34 Responses to The Books Of Summer: Week Four

  1. Gwyn June 26, 2014 at 10:17 am #

    I moved several times in my life as a young adult and now find my home in Denver! I have always found friends through church and my knitting store!!

  2. Nita June 26, 2014 at 10:17 am #

    When I have moved, I have appreciated the smaller towns, but whether small or large, I find a church first to become involved in and to make friends. And also find the local library!!

  3. Becky June 26, 2014 at 10:17 am #

    Thanks for the giveaway- excited to read these books!

  4. Laurie June 26, 2014 at 10:17 am #

    I’m originally from N.Y., and I love food, friends and family, so would appreciate reading this book.

  5. Laurie June 26, 2014 at 10:17 am #

    I’ve never moved to a place where I didn’t settle in. I moved from N.Y.C. to N.C., but I feel very at home here too.

  6. Brooke June 26, 2014 at 10:17 am #

    I am getting myself in trouble with my nose being in a book constantly from all these great books suggestions. thanks “SHE READS”!!

  7. Sarah H. June 26, 2014 at 10:17 am #

    Oh, I would love to win these! I may never do anything but read again! :)

  8. Meghan June 26, 2014 at 10:17 am #

    I have all of these books in my tbr list! I have to get myself to the beach to really enjoy some beach reads!

  9. Carl June 26, 2014 at 10:17 am #

    Every time I’ve moved to a new city I’ve felt out of place for the first little bit. I usually just walk around the immediate area and become familiar with a restaurant or two. Check out the area near where I’ll be working, scope out the downtown. After a few days I usually settle right in. Thanks

  10. Christi June 26, 2014 at 10:17 am #

    I have moved from TN to CA and back again over 12 years. Its odd because no matter how much I know the area I will be living in, it’s always new like a shiny toy. Before anything I go to a movie or to the mall just to see how people interact with each other. I’ve always like observing others and wonder where they are going and where they’ve been. My family has always said i was weird but its just something I like doing and it makes me comfortable because I know I’ll fit in just fine.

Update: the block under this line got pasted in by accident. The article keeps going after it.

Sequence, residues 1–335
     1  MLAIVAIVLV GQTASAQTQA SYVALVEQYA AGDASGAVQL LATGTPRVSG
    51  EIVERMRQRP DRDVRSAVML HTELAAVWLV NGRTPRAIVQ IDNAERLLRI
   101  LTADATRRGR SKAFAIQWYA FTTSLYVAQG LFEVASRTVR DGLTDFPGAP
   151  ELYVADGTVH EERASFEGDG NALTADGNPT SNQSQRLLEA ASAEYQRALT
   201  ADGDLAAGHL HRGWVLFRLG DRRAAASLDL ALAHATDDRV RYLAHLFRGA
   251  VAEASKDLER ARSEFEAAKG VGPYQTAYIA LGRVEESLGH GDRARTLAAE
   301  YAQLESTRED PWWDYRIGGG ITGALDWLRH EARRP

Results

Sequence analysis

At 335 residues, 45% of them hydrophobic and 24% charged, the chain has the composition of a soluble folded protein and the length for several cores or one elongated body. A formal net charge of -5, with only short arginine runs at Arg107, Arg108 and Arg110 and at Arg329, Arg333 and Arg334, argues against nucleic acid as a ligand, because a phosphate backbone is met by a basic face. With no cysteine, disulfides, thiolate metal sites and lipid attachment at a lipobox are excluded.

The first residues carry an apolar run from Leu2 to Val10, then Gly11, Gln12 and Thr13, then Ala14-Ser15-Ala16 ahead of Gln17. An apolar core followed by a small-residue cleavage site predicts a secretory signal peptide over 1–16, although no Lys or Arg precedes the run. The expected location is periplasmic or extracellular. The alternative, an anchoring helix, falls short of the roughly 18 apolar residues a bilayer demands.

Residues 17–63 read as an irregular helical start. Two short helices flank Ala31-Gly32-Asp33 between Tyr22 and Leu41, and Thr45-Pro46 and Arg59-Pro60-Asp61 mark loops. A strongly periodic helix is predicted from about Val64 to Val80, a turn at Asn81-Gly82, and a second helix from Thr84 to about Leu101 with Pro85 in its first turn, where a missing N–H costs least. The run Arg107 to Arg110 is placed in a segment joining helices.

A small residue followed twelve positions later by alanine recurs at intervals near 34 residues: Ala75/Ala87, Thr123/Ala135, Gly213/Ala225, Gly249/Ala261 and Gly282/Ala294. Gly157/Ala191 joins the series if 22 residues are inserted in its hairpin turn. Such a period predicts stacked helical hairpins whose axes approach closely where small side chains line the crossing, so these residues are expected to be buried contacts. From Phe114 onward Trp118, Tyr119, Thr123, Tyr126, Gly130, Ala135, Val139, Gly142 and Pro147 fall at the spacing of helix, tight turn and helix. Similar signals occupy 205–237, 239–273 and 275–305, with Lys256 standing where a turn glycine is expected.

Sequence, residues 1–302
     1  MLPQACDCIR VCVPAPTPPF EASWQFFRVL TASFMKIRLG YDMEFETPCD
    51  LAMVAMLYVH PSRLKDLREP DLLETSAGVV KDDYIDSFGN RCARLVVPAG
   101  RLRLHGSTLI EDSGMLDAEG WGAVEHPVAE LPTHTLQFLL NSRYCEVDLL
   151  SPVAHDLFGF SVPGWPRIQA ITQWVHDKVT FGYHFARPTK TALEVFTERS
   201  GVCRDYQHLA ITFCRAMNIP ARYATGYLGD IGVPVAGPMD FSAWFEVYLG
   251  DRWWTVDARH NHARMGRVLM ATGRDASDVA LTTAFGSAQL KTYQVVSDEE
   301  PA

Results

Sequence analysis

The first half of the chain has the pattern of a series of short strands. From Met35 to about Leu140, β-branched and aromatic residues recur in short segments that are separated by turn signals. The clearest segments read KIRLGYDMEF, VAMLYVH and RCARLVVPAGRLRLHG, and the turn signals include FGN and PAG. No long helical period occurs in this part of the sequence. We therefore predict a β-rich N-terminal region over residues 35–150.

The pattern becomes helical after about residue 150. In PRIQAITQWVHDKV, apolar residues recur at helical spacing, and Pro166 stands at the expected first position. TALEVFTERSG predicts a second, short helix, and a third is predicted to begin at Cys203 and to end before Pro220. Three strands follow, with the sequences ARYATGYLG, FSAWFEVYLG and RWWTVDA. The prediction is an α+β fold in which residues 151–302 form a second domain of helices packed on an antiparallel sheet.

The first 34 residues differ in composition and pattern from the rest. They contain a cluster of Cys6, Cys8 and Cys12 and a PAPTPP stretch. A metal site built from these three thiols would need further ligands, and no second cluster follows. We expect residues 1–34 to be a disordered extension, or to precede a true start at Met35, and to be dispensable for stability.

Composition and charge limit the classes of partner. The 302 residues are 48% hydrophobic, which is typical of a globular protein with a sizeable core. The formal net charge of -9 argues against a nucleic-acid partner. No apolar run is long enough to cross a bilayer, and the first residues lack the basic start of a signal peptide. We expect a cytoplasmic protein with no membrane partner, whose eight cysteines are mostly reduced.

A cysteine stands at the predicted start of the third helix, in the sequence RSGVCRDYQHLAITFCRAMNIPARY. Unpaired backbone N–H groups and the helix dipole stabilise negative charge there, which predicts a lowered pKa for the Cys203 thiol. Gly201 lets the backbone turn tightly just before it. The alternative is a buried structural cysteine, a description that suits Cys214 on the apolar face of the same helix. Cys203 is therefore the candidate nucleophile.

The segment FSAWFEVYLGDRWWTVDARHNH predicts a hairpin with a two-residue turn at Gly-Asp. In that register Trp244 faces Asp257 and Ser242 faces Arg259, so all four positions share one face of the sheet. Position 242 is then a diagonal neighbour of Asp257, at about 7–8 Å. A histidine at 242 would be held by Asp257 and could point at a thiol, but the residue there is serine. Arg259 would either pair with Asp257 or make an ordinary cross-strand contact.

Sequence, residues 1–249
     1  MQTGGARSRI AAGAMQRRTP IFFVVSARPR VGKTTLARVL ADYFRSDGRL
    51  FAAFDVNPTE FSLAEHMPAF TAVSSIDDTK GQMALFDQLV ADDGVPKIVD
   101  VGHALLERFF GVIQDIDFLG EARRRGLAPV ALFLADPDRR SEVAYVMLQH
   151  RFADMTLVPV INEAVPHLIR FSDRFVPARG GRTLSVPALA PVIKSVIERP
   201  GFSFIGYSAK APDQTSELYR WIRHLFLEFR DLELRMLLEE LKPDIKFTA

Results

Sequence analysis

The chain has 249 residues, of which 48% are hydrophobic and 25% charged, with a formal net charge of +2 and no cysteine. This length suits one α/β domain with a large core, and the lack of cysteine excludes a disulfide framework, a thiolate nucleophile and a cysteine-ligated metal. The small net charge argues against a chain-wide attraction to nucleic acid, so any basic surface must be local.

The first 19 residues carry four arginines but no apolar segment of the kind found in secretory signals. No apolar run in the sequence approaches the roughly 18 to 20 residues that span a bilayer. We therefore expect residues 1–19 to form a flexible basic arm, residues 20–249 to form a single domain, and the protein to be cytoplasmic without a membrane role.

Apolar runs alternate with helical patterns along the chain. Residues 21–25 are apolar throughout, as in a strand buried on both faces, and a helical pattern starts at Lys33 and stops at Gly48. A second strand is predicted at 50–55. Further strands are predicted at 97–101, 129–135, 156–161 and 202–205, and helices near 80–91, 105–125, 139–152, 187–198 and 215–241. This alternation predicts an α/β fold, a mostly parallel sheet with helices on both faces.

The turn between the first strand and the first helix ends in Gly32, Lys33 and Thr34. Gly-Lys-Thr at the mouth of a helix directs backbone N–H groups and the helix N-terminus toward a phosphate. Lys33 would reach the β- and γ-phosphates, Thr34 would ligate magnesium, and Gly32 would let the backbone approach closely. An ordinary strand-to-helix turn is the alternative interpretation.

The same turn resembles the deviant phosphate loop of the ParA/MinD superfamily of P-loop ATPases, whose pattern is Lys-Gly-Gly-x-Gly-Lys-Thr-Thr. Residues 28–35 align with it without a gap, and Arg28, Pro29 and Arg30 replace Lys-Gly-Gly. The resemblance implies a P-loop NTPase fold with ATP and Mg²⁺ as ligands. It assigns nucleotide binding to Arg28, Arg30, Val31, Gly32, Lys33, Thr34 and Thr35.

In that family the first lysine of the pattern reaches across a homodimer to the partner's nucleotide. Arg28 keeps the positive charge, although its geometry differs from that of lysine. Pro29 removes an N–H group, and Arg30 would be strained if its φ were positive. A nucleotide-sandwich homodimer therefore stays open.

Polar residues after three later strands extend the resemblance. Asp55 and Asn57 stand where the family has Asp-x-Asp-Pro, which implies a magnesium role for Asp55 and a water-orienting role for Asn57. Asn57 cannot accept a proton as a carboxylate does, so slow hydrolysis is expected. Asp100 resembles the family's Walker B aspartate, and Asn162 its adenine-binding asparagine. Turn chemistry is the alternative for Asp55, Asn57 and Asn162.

11. Paula Dolin June 26, 2014 at 10:17 am #

    All these books sound great! I’d love to win!

  12. Jennifer Huelsebusch June 26, 2014 at 10:17 am #

    Moved to Kansas for nine years for work. It never really did feel,like home because I worked so much!

  13. Susan Ashton June 26, 2014 at 10:17 am #

    Sounds like another winner! You guys really put together the best books.

  14. Tracy D. June 26, 2014 at 10:17 am #

    I’ve had two major moves in my adult life with my husband’s job. The first was from Atlanta to a small town in NW Ohio in the winter. I had no job and no children to help me meet people through those avenues. It was rough, and it took a long time to feel at home, but I did. Then, we moved to Massachusetts. But, the difference was, we moved to a neighborhood with lots of other stay-at-home moms of young children. Having that common thread helped make friends. We’ve live in MA for 17 years.

  15. Betty Apsley June 26, 2014 at 10:17 am #

    I moved from where I had lived for most of my life to another state to be closer to my sister and her family. They made it easier for me! Can’t wait to read this book.

  16. Tarri Feden June 26, 2014 at 10:17 am #

    When I retired, I moved back into the house where I lived as a child. It was hard to leave the friends I had made while I worked, but home is what you make of it.

    This book is wonderful.

  17. Paula Agius June 26, 2014 at 10:17 am #

    I have not read any of these books and they all sound great!

  18. Bonnie K. June 26, 2014 at 10:17 pm #

    At the end of 8th grade, my family and I moved to a Southern California city where we didn’t know anyone. It was upsetting for me. I made friends in school but not close ones. I really missed my old friends. I did feel kind of adrift–not sure that I really solved it. I just focused on getting good grades. As an adult, I didn’t move much. I’ve been in the same general area since college.